The stats gathered from the seven million contactless Chase cards issued?in Connecticut, Colorado, Delaware, Florida, Georgia, New Jersey, New York, Pennsylvania and Texas?do indeed show strong improvements over older options, such as a 40 percent boost in the average ticket sale size when compared with cash and a 35 percent advantage in purchase frequency when compared with magstripe cards.
But there is some question about how much of those improved numbers are because consumers liked the contactless cards better than the alternatives or because of the cards' novelty. If those statistics hold or improve in the next year or two, as the contactless payment's gee-whiz factor fades, that may be much more meaningful.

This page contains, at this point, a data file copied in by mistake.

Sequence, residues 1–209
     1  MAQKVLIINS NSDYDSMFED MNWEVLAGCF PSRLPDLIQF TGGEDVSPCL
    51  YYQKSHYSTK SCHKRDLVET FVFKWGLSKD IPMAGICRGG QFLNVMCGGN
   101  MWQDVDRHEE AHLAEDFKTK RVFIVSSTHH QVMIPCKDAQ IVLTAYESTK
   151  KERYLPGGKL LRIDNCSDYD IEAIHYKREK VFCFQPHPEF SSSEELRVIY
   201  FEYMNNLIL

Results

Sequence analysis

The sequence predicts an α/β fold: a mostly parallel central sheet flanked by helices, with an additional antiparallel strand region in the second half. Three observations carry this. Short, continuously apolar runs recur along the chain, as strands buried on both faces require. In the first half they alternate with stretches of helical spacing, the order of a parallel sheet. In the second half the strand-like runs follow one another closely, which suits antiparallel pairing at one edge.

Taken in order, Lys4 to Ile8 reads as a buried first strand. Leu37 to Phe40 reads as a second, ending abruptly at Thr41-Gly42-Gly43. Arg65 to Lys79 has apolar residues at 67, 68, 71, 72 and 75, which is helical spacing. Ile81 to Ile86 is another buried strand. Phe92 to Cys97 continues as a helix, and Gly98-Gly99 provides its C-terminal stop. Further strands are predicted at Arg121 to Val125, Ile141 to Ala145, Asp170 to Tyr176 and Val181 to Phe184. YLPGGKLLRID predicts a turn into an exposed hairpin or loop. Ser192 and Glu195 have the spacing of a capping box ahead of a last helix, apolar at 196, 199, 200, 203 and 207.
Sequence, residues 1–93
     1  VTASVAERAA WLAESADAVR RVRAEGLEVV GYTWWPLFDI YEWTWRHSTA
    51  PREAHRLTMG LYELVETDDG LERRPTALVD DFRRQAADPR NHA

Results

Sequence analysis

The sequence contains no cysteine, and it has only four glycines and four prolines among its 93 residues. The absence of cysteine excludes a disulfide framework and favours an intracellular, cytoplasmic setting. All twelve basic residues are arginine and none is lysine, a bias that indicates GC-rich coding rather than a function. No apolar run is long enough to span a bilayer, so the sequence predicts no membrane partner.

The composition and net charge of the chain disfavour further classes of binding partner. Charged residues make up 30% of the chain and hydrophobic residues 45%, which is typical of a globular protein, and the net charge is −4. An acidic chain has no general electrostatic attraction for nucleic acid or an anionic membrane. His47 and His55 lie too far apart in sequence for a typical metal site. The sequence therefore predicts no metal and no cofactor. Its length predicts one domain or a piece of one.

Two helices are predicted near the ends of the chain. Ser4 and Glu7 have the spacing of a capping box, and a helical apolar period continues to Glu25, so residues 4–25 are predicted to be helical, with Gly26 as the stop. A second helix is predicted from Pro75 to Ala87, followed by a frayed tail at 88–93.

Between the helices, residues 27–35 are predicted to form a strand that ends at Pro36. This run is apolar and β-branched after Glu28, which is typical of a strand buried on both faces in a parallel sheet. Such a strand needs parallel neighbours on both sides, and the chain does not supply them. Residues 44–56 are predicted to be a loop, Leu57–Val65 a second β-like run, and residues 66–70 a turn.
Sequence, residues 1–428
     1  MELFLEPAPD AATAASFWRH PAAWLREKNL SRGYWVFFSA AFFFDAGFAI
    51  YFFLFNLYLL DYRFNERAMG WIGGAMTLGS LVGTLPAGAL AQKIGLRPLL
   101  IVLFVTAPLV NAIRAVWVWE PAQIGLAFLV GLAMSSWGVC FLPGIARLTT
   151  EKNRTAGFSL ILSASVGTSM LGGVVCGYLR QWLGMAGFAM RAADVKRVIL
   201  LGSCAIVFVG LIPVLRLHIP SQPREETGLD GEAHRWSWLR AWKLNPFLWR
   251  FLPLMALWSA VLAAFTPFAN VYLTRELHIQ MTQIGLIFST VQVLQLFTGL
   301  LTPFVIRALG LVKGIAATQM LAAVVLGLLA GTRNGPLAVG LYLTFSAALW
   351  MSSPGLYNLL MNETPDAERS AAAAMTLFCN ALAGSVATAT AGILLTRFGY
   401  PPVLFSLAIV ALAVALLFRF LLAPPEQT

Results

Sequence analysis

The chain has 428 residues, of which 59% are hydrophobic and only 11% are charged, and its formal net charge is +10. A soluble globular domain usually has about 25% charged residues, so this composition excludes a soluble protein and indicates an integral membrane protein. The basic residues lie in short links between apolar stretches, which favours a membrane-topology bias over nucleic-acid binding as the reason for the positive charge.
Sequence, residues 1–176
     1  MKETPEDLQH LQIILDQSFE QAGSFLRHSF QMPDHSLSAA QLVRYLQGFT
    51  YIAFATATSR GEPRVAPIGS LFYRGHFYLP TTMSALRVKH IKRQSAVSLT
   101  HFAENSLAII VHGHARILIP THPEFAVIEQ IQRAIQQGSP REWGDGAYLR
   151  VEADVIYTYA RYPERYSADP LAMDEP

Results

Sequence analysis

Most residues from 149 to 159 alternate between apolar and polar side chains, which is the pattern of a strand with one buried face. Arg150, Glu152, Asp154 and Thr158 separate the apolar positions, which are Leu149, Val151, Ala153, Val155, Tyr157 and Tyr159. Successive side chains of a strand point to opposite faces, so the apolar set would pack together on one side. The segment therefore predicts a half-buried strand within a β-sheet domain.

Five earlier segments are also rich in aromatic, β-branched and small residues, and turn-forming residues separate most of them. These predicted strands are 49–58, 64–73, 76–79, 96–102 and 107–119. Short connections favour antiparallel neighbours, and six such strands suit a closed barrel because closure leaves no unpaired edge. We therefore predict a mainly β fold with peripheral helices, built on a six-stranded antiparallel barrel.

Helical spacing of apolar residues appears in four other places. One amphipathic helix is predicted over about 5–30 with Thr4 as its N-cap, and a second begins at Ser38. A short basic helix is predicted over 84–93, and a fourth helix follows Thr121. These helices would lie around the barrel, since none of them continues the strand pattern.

The stats themselves, though, do show strong returns. This is similar to findings released by MasterCard earlier this month when it reached the surprising internal conclusion that it's own contactless cards were doing gosh darn wonderfully.
The new Chase details also spoke to reduced waiting time for consumers. The time spent waiting in lines was cut 15-20 percent in stores and some 40 percent at fast-food drive-thrus, which delivered what Chase said a average transaction time reduction of between 10 percent and 40 percent.